Garlic (Allium sativum), a pungent and flavorful member of the lily family, has been a cornerstone of worldwide cuisines for centuries due to its prominent taste and aroma and for its ability to accent and amplify other flavors. Garlic's near universal appeal is demonstrated by the key role it plays in diverse cuisines such as Chinese, German, Greek, Indian, Italian, Middle Eastern, Peruvian and Thai.
Garlic has a long and storied history that spans more than 7,000 years, both for medicinal and culinary purposes. It has been used to treat a myriad of medical conditions and symptoms, including lethargy, stomach issues, leprosy and even parasites. One of its most basic uses, however, has been as an antibiotic, as garlic has been shown to kill bacteria, fungus, parasites and viruses.
It has been thought that the ancient Egyptians were the first to cultivate garlic, believing that it would keep pyramid workers healthy for work. Clay shaped as garlic has also been found in tombs with dead pharaohs, indicating the importance of the bulb in Egyptian culture. But the Egyptians were not the only ones to recognize the usefulness of the pungent plant; the Greeks and Romans used garlic as a curative treatment for many ailments and wounds as well. The Cherokee tribes were also known to use garlic as a cough medicine.
In modern times, research has shown that garlic can help lower LDL cholesterol levels without lowering healthy HDL cholesterol, as well as possibly lowering blood pressure. Research is also showing that garlic may also help regulate blood sugar levels.
Garlic has also had a storied history as a spiritual item. In Europe, garlic has been used as a ward for evil creatures, either worn around the neck or rubbed on surfaces to keep demons at bay. In Hinduism and Jainism, garlic is considered an aphrodisiac and is avoided during religious festivals by the devout.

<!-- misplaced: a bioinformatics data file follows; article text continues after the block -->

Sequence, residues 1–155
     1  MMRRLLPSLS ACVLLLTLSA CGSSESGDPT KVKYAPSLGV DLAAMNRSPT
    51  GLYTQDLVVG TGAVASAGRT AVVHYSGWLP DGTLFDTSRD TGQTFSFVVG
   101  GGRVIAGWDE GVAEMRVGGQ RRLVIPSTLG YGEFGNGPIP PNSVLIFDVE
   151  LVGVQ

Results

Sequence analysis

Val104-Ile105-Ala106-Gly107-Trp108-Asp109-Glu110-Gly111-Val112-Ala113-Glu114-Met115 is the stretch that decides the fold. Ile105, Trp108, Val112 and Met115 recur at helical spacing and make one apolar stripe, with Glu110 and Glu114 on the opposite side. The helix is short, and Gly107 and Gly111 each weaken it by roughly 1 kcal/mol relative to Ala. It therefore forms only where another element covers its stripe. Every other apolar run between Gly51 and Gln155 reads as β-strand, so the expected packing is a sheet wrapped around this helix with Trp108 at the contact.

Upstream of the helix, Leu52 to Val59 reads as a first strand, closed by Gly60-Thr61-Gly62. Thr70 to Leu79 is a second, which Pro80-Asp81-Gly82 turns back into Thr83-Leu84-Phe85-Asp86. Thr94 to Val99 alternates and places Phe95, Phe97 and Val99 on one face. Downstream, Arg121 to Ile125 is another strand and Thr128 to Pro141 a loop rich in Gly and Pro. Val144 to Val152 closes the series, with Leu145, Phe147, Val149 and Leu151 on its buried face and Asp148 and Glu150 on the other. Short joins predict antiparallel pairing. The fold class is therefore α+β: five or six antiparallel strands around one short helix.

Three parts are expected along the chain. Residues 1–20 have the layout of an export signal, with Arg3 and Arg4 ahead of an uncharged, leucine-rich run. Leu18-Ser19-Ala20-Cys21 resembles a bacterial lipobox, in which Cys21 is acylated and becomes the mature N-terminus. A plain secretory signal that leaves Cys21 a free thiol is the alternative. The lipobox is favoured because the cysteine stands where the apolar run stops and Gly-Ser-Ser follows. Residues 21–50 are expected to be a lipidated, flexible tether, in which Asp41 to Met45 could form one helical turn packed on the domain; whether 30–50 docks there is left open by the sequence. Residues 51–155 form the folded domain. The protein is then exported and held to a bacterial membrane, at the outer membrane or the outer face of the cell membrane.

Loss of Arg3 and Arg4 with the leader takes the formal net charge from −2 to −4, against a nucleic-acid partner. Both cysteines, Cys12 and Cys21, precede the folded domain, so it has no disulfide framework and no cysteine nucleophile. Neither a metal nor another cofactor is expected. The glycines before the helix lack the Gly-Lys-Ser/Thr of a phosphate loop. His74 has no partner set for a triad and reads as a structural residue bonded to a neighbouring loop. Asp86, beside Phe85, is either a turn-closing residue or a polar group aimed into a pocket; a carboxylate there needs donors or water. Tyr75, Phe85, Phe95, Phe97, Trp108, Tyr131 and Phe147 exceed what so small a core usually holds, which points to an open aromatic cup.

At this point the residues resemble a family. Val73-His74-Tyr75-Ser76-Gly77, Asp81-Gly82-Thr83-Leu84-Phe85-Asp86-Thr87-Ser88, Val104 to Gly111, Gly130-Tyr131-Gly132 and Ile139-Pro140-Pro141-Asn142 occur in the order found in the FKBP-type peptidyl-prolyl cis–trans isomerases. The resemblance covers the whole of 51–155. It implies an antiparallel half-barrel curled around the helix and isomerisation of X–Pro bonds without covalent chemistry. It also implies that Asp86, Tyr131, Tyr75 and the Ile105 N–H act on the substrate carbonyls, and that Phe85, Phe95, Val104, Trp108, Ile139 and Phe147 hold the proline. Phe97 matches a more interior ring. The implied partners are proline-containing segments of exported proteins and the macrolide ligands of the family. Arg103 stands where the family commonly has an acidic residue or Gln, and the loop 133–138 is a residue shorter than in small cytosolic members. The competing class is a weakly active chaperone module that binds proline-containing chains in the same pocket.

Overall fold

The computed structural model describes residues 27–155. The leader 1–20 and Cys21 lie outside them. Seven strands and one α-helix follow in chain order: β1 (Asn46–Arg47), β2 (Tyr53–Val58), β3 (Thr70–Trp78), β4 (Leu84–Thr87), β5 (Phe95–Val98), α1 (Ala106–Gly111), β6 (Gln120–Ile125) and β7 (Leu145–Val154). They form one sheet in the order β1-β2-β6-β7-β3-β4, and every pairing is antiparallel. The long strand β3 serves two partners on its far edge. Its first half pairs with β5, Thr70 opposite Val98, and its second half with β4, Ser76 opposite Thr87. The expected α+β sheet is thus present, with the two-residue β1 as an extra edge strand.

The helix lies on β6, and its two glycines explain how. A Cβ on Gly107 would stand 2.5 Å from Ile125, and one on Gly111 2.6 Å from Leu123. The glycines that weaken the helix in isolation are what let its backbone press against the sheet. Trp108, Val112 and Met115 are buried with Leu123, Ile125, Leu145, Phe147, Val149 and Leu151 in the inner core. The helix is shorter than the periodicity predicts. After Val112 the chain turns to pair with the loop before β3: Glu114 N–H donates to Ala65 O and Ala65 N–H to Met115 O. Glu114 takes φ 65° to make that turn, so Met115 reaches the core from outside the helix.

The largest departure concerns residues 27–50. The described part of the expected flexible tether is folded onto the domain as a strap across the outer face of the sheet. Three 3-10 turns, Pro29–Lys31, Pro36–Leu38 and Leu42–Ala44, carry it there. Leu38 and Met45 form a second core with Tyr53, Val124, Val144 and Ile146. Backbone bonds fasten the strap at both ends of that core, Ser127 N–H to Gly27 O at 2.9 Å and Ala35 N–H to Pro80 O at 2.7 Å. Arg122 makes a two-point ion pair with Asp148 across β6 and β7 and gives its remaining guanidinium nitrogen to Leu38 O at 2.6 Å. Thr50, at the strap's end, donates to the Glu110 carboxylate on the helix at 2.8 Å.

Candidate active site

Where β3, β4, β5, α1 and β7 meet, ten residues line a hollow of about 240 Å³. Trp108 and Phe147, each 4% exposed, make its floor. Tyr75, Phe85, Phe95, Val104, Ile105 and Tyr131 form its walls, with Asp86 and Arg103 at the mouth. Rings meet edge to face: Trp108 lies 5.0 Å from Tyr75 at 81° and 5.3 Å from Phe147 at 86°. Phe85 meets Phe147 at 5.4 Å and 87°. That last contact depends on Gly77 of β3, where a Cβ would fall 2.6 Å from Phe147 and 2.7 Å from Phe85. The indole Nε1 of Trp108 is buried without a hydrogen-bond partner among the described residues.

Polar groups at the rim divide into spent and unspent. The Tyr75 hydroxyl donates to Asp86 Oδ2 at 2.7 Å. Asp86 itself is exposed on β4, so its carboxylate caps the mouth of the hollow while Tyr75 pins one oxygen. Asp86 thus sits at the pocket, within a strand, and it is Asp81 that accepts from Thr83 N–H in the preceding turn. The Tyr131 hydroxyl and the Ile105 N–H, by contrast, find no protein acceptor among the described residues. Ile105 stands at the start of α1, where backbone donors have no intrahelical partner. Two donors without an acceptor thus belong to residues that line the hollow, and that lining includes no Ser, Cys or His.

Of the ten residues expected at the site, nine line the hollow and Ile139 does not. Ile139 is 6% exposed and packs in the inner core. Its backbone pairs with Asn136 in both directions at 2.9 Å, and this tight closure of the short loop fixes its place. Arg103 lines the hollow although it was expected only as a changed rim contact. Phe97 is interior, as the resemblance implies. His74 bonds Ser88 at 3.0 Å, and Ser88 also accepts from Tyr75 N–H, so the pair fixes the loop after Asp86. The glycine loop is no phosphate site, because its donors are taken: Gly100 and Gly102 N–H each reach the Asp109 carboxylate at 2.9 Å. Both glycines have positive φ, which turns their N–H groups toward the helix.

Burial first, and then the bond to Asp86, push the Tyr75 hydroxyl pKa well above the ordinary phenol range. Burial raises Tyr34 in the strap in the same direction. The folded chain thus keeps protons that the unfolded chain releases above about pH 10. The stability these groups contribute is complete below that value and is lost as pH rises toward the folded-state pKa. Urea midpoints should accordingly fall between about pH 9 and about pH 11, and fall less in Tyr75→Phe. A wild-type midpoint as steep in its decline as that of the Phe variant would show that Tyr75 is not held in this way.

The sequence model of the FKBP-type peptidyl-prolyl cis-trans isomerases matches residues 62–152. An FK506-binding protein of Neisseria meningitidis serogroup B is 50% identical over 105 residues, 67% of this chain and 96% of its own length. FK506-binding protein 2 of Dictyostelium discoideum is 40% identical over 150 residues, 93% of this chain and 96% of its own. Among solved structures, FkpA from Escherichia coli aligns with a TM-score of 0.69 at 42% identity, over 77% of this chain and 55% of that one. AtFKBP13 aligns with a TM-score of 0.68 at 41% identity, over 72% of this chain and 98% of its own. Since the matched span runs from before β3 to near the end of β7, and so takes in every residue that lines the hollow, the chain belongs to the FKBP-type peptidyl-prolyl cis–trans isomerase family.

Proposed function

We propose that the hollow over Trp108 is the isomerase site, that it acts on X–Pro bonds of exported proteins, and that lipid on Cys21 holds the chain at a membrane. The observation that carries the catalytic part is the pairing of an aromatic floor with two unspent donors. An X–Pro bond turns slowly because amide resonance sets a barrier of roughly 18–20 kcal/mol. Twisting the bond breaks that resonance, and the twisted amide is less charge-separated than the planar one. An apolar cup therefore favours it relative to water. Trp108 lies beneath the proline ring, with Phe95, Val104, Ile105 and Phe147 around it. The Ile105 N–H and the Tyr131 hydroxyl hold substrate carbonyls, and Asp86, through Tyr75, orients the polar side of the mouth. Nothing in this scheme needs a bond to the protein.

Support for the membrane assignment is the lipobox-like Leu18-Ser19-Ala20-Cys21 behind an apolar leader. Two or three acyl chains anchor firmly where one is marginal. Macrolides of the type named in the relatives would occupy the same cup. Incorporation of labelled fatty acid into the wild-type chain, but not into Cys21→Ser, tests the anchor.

As a cultivated crop, garlic is relatively uncomplicated and easy to grow. It can be grown year-round in milder temperatures, but can also be grown in cold climates as long as it does not freeze. The crop does well in loose soil with plenty of sun, but will also thrive in many types of soil condition and PH levels.
While the garlic bulb is the portion of the plant most commonly cooked with, the leaves and flowers are also edible. The green stem (sometimes called a garlic scape, spear, or top) of the immature version is also edible and is often described as having the shape of green onions with the distinct flavor of garlic.
There are multiple common varieties of this popular cooking ingredient, including Porcelains, Rocamboles, Purple Stripes and Artichoke garlic. They vary in size, color, yield and flavor intensity. A common misconception is that elephant garlic is part of the garlic family, but it is actually related to leeks.
Garlic is an elemental ingredient of cooking throughout the world, as its spicy, sharp and pungent nature lends itself to many savory applications. One of the more famous preparations is French aioli, an emulsification of garlic, egg yolks and olive oil that is used as a rich, strongly flavored sauce. It can be pickled, fermented and dried and used in almost every ethnic culinary preparation.
Garlic Powder is an easily storable, convenient way to add garlic flavor and aroma to recipes. Powdered, dried garlic has all the flavor of fresh garlic in creamy, off-white colored granules. Garlic Powder can be added to recipes in place of fresh garlic to achieve the same flavor.